Internet-destroying outages were caused by "amateurish" IoT malware

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Some of the internet's most popular, well-defended services -- including Twitter -- were knocked offline yesterday by a massive denial-of-service attack that security experts are blaming on botnets made from thousands of hacked embedded systems in Internet of Things devices like home security cameras and video recorders. Read the rest

Game developers say no to DRM: "hurts our customers"

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The developers behind the hotly anticipated Shadow Warrior 2 have gone on record explaining why they didn't add DRM to their new title: they themselves hate DRM, and understand that DRM disproportionately inconveniences legit customers, not pirates who play cracked versions without DRM. Read the rest

The clumsy, amateurish IoT botnet has now infected devices in virtually all of the world's countries

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Mirai, the clumsily written Internet of Things virus that harnessed so many devices in an attack on journalist Brian Krebs that it overloaded Akamai, has now spread to devices in either 164 or 177 countries -- that is, pretty much everywhere with reliable electricity and internet access.

Imperva, a company that provides protection to websites against Distributed Denial of Service (DDoS) attacks, is among the ones who have been busy investigating Mirai. According to their tally, the botnet made of Mirai-infected devices has reached a total of 164 countries. A pseudonymous researcher that goes by the name MalwareTech has also been mapping Mirai, and according to his tally, the total is even higher, at 177 countries.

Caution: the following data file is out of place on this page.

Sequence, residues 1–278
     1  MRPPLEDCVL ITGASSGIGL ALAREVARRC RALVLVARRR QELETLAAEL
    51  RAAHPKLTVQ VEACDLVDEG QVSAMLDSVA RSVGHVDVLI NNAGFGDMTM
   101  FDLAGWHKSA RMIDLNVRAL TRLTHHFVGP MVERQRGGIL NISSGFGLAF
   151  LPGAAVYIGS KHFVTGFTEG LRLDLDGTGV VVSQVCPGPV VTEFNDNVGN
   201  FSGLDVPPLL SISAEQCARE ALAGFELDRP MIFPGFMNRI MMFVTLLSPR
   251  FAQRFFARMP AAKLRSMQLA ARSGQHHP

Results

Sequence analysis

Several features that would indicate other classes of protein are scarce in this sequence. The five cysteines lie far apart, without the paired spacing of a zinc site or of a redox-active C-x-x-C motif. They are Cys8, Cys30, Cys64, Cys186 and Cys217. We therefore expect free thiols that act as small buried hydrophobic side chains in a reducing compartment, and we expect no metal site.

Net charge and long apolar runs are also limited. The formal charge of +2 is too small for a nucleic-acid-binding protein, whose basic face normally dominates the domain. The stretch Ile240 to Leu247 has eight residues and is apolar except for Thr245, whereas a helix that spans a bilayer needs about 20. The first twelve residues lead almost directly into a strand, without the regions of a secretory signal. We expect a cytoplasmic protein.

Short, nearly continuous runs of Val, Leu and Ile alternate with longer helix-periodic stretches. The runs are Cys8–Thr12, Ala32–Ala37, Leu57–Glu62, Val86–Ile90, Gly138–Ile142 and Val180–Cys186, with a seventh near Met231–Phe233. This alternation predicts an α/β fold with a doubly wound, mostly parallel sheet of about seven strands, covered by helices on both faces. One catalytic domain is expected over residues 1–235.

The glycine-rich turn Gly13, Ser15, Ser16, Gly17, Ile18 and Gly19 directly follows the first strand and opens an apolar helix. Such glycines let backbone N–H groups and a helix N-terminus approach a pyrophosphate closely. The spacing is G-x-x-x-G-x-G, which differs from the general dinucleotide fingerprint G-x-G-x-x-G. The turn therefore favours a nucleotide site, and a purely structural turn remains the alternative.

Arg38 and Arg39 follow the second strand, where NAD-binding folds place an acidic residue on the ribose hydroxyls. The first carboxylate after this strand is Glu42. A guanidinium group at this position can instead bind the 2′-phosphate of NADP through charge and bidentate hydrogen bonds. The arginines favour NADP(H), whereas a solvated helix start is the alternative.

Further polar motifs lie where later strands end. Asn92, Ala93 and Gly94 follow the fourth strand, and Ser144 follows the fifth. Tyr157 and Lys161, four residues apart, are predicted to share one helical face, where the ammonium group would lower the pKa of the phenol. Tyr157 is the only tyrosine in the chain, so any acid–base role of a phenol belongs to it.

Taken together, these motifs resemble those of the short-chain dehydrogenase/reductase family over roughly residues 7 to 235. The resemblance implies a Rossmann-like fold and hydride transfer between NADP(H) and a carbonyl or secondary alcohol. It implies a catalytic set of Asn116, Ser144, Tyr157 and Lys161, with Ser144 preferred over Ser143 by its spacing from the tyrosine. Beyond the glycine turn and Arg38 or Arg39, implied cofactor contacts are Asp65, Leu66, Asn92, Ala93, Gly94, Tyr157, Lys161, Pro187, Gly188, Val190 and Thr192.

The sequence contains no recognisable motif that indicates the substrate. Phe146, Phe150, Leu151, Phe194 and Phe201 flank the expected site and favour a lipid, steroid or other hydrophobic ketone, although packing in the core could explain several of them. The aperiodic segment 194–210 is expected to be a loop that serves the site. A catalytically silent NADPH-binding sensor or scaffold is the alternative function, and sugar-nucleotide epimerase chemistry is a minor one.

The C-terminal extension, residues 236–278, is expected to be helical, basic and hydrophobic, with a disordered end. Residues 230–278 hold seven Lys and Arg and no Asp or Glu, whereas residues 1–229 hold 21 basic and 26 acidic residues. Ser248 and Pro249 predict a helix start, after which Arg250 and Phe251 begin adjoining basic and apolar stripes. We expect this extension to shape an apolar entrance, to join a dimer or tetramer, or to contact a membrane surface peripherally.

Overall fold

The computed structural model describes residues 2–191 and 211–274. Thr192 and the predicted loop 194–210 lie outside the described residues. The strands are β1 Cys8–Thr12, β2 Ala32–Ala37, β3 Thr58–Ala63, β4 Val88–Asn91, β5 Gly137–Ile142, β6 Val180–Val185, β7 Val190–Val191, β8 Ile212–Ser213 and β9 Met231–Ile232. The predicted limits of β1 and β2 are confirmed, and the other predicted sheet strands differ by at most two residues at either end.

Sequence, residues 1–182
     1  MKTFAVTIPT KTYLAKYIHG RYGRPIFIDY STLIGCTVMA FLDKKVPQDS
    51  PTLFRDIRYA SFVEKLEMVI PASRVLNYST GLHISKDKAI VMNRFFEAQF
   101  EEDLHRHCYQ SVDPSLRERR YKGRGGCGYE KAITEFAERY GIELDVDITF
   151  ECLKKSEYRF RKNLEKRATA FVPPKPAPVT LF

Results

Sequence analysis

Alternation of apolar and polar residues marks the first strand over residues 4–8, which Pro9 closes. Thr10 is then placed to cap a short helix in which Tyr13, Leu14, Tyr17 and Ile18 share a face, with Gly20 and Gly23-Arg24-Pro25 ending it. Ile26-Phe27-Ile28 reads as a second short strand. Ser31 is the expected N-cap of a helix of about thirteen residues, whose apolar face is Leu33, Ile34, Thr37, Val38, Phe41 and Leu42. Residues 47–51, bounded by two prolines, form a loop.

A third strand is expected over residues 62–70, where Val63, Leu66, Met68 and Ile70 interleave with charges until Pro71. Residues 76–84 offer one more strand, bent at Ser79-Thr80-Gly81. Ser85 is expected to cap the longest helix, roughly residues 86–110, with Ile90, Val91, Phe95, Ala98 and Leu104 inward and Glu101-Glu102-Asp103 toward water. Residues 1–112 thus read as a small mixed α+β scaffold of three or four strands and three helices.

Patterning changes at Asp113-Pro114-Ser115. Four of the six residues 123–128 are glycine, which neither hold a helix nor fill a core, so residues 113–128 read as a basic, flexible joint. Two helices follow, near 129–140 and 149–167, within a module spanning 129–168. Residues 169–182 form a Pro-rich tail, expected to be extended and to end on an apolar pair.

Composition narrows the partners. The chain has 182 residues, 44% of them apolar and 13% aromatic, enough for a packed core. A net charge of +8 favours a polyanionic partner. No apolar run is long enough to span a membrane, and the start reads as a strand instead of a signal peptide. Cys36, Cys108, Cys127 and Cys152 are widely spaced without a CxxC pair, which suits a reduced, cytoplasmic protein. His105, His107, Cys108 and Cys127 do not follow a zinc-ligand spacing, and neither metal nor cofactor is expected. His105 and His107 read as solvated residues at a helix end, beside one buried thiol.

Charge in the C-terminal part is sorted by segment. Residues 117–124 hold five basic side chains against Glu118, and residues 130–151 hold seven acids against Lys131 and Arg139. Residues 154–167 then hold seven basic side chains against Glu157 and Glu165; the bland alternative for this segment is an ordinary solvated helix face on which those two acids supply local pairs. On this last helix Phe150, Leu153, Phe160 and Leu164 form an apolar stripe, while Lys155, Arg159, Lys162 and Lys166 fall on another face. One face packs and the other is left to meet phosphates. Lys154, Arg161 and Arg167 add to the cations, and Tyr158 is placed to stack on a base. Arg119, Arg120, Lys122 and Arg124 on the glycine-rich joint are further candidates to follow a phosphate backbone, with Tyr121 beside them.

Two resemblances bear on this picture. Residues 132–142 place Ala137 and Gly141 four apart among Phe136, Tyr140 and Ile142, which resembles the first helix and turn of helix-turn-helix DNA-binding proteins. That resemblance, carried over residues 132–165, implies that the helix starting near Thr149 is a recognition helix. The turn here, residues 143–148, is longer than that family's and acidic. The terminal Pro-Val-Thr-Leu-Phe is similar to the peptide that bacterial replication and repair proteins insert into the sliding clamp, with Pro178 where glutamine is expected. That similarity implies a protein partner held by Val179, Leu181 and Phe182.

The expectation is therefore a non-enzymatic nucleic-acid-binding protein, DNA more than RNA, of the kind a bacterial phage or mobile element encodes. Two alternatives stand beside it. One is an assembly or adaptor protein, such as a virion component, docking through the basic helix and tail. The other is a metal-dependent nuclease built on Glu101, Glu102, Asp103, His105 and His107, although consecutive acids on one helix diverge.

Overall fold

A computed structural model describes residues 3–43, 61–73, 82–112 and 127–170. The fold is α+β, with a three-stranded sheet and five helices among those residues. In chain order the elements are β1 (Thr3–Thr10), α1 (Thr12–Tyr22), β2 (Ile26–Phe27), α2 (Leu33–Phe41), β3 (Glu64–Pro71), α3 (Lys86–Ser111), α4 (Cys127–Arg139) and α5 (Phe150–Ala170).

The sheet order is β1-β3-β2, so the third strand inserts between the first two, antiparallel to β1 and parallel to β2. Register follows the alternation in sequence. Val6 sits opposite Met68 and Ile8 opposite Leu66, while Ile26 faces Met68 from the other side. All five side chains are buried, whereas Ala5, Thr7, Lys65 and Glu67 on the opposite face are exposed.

Internet of Things Malware Has Apparently Reached Almost All Countries on Earth [Lorenzo Franceschi-Bicchierai/Motherboard] Read the rest

The Copyright Office wants your comments on whether it should be illegal to fix your own stuff

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Under Section 1201 of the DMCA, a law passed in 1998, people who fix things can be sued (and even jailed!) for violating copyright law, if fixing stuff involves bypassing some kind of copyright lock; this has incentivized manufacturers so that fixing your stuff means breaking this law, allowing them to decide who gets to fix your stuff and how much you have to pay to have it fixed. Read the rest

Johnson & Johnson says people with diabetes don't need to worry about potentially lethal wireless attacks on insulin pumps

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Rapid7 security researcher Jay Radcliffe (previously) has Type I diabetes, and has taken a personal interest in rooting out vulnerabilities in the networked, wireless-equipped blood-sugar monitors and insulin-pumps marketed to people with diabetes, repeatedly discovering potentially lethal defects in these devices. Read the rest

The malware that's pwning the Internet of Things is terrifyingly amateurish

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Following the release of the sourcecode for the Mirai botnet, which was used to harness DVRs, surveillance cameras and other Internet of Things things into one of the most powerful denial-of-service attacks the internet has ever seen, analysts have gone over its sourcecode and found that the devastatingly effective malware was strictly amateur-hour, a stark commentary on the even worse security in the millions and millions of IoT devices we've welcomed into our homes. Read the rest

HP blinked! Let's keep the pressure on! [PLEASE SHARE!]

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Only three days after EFF's open letter to HP over the company's deployment of a stealth "security update" that caused its printers to reject third-party cartridges, the company issued an apology promising to let customers optionally install another update to unbreak their printers. Read the rest